September 7, 2005 2:19 PM PDT

Hurd offers just a glimpse of HP strategy

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Hewlett-Packard's chief executive, Mark Hurd, offered a broad-brush take on his strategy for the computing giant Wednesday during a rare presentation before HP investors at the New York Stock Exchange.

In a sign that he is perhaps becoming more comfortable in his role as CEO, Hurd discussed the company's product portfolio, recent restructuring, where HP sits in relation to IBM and Dell, and surprises he encountered when he arrived at the technology pioneer less than six months ago.

In offering his very general description of the company's new direction, the former NCR chief noted that investors will have to wait until the company's annual analyst day, Dec. 13, to get deep details.

Industry observers and investors have been wondering what strategic path Hurd will take, especially because the company initiated a major restructuring less than two months ago.

HP's overarching game plan, Hurd said, is to be an infrastructure technology company, using its vast research and development resources to collectively serve as a foil against competitor Dell. HP would leave IBM, meanwhile, to focus on business processing, he said.

"These are very different companies. A lot of IBM's work is in business processing, whereas HP is about technology and R&D...We spend a lot more on R&D than Dell," Hurd said, in response to investors' questions about whether HP felt sandwiched between the other two industry titans. As Hurd spoke, however, it was hard to ignore the fact that HP cut four research projects and laid off one its R&D luminaries as part of its restructuring.

In assessing which businesses to keep, which ones to divest and which ones to reallocate resources to, Hurd said, the plan is to avoid making the more successful business units carry the weight for those that are less successful.

"With a blended company, a strange dynamic occurs," Hurd said. "If it looks like you're going to be short one quarter (in hitting financial targets), you call up that business that's doing well and you ask them to do better...and the businesses that aren't performing aren't asked to do better. You need to restructure where it's needed. You shouldn't hurt the businesses that have the best opportunity for the long run."

High-end printing and imaging for large and midsize companies also offer strong growth potential, Hurd noted, even though HP historically has been identified with the consumer printer market. For HP, printing and imaging have been cash cows, providing 58 percent of its profits from operations in the fiscal third quarter.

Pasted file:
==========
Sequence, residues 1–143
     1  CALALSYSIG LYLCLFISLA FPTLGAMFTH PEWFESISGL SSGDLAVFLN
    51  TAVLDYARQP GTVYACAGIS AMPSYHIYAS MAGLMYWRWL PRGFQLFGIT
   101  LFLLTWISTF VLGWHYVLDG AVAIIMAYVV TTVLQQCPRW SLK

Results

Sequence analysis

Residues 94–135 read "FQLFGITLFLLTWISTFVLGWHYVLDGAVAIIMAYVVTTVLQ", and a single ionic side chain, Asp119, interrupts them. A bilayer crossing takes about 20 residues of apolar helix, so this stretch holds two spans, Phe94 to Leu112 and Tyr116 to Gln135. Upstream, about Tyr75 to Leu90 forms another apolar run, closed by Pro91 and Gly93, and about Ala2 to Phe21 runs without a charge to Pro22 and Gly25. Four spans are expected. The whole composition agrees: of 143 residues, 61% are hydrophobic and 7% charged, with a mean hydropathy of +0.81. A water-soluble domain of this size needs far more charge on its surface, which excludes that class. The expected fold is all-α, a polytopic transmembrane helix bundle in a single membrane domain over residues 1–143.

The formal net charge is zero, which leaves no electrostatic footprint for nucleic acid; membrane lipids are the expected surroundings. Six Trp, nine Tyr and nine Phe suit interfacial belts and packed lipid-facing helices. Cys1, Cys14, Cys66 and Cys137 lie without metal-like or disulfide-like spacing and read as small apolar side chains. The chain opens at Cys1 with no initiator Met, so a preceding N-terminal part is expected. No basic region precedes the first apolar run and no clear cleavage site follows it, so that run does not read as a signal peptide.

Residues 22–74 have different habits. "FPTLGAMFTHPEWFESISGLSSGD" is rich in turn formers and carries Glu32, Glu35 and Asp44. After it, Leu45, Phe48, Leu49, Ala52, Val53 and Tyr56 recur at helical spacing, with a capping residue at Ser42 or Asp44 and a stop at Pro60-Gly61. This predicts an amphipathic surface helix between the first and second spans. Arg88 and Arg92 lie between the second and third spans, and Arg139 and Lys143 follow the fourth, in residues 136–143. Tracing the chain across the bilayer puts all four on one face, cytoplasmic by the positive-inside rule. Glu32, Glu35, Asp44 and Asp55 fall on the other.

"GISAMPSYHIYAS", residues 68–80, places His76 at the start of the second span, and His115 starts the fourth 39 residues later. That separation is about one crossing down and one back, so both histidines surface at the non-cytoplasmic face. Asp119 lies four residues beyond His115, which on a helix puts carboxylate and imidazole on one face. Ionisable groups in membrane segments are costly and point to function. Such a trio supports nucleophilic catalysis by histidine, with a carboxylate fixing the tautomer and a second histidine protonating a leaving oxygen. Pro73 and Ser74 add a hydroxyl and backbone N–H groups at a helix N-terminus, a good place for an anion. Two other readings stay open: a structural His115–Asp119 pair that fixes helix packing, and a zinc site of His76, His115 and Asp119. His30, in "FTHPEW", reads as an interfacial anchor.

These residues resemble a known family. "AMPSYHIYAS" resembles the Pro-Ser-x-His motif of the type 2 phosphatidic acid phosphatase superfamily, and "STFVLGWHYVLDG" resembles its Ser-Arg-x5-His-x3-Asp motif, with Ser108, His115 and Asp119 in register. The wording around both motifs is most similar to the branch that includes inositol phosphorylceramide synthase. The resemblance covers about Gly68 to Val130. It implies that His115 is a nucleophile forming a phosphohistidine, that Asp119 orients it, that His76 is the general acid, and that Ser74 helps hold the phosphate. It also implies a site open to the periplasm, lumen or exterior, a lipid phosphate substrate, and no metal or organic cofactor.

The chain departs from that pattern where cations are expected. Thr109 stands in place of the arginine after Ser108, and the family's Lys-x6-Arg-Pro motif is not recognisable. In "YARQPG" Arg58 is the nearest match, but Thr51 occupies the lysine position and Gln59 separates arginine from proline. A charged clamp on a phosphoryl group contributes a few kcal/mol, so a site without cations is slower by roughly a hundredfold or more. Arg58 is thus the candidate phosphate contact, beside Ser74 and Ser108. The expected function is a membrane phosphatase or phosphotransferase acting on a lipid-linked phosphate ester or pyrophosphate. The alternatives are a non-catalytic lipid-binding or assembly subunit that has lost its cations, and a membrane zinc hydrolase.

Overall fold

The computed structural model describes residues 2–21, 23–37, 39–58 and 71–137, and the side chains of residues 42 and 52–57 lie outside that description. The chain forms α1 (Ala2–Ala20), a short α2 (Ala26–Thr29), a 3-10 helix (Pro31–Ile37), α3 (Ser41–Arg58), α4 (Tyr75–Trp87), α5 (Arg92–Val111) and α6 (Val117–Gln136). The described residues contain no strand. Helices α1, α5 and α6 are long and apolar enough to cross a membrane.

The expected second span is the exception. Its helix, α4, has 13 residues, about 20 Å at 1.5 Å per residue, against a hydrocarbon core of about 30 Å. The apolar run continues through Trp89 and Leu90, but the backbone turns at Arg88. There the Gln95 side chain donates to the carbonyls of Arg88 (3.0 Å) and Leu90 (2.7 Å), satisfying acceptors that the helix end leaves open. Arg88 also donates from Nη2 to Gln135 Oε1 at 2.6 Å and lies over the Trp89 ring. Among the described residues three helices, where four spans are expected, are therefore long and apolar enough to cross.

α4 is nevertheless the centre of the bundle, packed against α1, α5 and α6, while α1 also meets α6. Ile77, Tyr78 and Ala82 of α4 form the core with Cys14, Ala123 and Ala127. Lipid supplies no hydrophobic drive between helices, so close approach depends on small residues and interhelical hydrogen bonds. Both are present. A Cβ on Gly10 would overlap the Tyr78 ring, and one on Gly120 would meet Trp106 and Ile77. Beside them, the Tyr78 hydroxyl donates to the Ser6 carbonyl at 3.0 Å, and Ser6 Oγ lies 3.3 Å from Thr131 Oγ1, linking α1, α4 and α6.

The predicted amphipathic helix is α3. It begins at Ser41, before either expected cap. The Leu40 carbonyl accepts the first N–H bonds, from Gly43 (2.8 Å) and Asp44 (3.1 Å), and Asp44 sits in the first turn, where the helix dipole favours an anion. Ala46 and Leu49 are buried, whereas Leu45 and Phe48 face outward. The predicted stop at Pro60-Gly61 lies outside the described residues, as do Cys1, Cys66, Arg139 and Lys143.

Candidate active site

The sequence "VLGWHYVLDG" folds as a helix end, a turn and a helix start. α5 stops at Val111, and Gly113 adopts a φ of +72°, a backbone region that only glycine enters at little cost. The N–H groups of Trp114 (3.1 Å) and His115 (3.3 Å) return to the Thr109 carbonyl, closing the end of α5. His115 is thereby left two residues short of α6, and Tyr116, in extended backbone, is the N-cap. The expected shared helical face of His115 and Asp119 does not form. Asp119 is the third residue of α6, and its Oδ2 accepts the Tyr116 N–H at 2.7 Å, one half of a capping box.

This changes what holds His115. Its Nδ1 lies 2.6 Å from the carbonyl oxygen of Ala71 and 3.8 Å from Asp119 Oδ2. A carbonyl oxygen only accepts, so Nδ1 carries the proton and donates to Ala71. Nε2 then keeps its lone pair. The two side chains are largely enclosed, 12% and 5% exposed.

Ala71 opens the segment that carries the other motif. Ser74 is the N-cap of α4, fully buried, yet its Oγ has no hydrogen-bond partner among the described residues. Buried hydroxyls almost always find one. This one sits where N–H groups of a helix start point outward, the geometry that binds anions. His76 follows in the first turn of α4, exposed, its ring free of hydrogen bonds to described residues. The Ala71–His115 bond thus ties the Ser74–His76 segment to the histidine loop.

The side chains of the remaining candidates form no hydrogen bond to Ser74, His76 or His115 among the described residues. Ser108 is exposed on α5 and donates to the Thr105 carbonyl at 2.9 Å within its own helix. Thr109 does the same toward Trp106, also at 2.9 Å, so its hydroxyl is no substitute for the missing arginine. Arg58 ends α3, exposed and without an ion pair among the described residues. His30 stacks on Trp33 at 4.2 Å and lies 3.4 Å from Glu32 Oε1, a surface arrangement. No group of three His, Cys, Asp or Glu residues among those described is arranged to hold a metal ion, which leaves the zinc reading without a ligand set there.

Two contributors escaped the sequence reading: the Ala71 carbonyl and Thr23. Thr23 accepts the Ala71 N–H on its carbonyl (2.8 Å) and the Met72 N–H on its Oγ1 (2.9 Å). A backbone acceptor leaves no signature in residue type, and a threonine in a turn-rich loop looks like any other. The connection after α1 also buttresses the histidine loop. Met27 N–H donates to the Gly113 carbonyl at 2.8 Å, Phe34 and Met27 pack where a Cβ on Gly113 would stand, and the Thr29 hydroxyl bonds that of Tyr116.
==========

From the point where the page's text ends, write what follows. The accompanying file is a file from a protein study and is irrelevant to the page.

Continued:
On spinoffs and acquisitions
And while HP's services business has generated revenue growth, the company needs to improve its operations in order to reap the benefits, or profits, from that work, Hurd said.

Investors have frequently voiced their desire to see HP spin off its profitable printing and imaging operations, or its lackluster PC business. But Hurd is taking a more measured approach.

"People say the PC business is a disaster, but when you look at the numbers, it's not like that," he said. He added the company needs to expand the profit margins of its PC business, rather than focus on creating a larger business.

One way he hopes to increase the profitability of the PC business is through HP's relationship with its channel partners. Hurd said he plans to take a harder view with channel partners that snag a customer by selling HP systems that contain 30 percent to 40 percent non-HP components.

HP also plans to take an inquisitive, opportunistic approach to potential acquisitions, Hurd said, pointing to the company's recent announcement of its planned acquisition of Scitex Vision's assets. Scitex, which helps companies print billboards and banners, will be used to bolster HP's printing and imaging efforts.

"We're opportunistic," Hurd said. "We look for something to append to our core (business), and something that is manageable and digestible."

Reflecting on his first days at the company, Hurd said he expected to find employees there dispirited but instead found that their morale was surprisingly good.

"When I got there, I found a lot more fight in these people than I expected, and a desire to do more," Hurd said.

But he also found a culture where accountability was difficult to pinpoint. Several people, for example, may hold responsibility for a task or project, he noted. However, if it were bungled, it was difficult to determine who should be fired, Hurd said.

Over time, as employees are fired or promoted based on the merits of their work, Hurd envisions the HP culture will gradually change to one that is based on accountability and performance.

"People tell you they love to be accountable," Hurd said. "Now we'll see who steps up."

Even though Hurd's presentation lacked details on his strategy for HP, analyst Richard Chu of S.G. Cowen said he appreciated Hurd's candor.

Had Hurd declared he had a "magical potion to fix HP, it would be distressing. It would be premature," Chu said. "What he's saying is he knows more about the company than he did on day one, but that he doesn't have a strategic game plan he wants to discuss until December ...It's probably not satisfying for investors to hear, but it's more realistic."

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Firing people for making mistakes
Hurd's comments that he wants HP employees to be accountable so when a mistake is made he will know who to fire is not the best way to motivate people to take risk. I once worked for a company that rewarded people for taking risks although it wasn't a license to "kill, steal, or act foolish" but unfortunately that company changed to a fire mentality and all of the good people left and now that company is in trouble.
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